J. Kent Holland Jr., J.D.
A Wall Street Journal article (Associated Press) states that Nationwide Mutual Insurance Co. has become the first major insurance company to announce that it will not issue policies to cover damage related to hydraulic fracturing. According to the Wall Street Journal article, the Nationwide policy came to light when an internal memo detailing underwriting guidelines was posted on websites of anti-fracking groups in up-state New York, and the memo reads:
“After months of research and discussion, we have determined that the exposures presented by hydraulic fracturing are too great to ignore. Risks involved with hydraulic fracturing are now prohibited for General Liability, Commercial Auto, Motor Truck Cargo, Auto Physical Damage and Public Auto (insurance) coverage.”
It said “prohibited risks” apply to landowners who lease land for shale gas drilling and contractors involved in fracking operations, including those who haul water to and from drill sites; pipe and lumber haulers; and operators of bulldozers, dump trucks and other vehicles used in drill site preparation.
It appears that the insurance carrier is going beyond inserting a pollution exclusion in their policies and is instead deciding not to write policies of any nature for any of the ancillary service providers involved with fracking.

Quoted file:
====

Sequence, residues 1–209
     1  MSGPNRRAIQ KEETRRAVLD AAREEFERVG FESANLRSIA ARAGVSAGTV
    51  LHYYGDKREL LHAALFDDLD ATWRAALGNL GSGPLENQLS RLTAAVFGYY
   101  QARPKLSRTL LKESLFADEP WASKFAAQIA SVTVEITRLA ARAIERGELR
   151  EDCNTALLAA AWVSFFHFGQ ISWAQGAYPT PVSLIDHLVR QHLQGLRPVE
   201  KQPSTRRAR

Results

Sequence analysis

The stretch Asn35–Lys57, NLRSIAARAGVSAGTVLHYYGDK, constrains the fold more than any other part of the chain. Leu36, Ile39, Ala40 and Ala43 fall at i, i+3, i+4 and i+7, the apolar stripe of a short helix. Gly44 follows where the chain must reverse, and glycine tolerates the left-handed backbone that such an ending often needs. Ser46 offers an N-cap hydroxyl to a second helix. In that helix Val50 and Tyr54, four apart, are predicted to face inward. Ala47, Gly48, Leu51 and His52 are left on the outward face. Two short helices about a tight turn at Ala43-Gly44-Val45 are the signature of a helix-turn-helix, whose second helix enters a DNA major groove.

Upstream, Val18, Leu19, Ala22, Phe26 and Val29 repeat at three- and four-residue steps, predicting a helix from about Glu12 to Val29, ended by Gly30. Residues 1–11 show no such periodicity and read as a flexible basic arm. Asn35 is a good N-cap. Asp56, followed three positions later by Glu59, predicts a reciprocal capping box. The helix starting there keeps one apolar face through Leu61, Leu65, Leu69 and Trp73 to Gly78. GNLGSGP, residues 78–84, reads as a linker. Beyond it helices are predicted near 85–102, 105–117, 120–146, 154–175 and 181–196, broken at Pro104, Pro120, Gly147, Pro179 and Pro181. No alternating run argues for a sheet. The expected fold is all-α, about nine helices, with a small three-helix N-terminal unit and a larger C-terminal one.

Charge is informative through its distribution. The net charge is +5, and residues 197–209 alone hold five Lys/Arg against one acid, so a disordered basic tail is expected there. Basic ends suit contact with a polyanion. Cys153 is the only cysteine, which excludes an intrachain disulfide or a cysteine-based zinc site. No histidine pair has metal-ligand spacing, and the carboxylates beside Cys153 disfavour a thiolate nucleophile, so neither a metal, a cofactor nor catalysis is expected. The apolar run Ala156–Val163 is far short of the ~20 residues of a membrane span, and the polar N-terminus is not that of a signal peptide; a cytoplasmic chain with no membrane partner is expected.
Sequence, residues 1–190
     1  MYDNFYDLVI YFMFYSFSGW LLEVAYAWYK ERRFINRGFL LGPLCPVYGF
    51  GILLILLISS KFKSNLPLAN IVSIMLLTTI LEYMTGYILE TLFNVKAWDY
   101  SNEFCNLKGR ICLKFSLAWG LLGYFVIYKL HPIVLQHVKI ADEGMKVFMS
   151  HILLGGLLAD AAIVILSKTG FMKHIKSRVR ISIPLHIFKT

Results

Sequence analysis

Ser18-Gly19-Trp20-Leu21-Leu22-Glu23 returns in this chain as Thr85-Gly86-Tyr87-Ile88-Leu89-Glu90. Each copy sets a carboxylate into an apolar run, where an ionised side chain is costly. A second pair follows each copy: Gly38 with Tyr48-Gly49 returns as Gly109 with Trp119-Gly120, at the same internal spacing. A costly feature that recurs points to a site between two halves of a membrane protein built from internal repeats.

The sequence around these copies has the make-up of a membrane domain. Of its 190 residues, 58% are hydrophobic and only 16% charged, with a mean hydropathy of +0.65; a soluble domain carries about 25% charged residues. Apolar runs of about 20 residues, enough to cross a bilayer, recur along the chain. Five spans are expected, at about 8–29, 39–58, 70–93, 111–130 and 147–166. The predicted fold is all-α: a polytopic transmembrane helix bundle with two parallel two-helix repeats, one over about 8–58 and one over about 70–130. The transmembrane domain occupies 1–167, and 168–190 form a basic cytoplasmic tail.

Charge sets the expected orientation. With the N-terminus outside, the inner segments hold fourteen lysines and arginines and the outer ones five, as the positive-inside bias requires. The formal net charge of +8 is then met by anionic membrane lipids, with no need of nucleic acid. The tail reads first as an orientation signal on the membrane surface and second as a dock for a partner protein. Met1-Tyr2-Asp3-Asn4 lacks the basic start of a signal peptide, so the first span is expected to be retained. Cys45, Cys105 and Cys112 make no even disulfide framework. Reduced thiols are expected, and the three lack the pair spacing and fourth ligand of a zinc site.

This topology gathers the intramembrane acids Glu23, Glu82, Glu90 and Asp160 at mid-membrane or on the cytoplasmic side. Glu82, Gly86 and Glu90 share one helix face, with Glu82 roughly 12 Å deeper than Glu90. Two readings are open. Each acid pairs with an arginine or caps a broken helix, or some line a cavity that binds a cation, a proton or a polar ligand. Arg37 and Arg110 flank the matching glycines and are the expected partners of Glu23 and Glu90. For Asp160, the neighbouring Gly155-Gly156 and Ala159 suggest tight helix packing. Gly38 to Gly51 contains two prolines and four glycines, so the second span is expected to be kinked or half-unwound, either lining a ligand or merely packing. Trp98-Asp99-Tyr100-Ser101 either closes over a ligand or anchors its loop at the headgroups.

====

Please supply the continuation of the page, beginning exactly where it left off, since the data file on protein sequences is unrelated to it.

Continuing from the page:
In view of the significant negative press about fracking and the threats by environmental groups to do what they can to stop, or at least slow down, fracking, it seems likely that there could be a litigation explosion against all firms involved, even in an ancillary manner, with fracking. Since a recurring theme in such claims will likely be property damage and personal injury caused by air and ground water pollution, it is not difficult to see what insurance carriers would exclude environmental or pollution damages asserted against their insureds arising out of hydraulic fracturing. The solution for those in need to this coverage may well be to purchase a stand-alone environmental policy to specifically provide coverage for such damages or alleged damages.
About the author: Article written by J. Kent Holland, Jr., a construction lawyer located in Tysons Corner, Virginia, with a national practice (formerly with Wickwire Gavin, P.C. and now with Construction Risk Counsel, PLLC) representing design professionals, contractors and project owners. He is founder and president of a consulting firm, ConstructionRisk, LLC, providing consulting services to owners, design professionals, contractors and attorneys on construction projects. He is publisher of ConstructionRisk.com Report and may be reached at Kent@ConstructionRisk.com or by calling 703-623-1932. This article is published in ConstructionRisk.com Report, Vol. 14, No. 7 (July 2012).
Copyright 2012, ConstructionRisk.com, LLC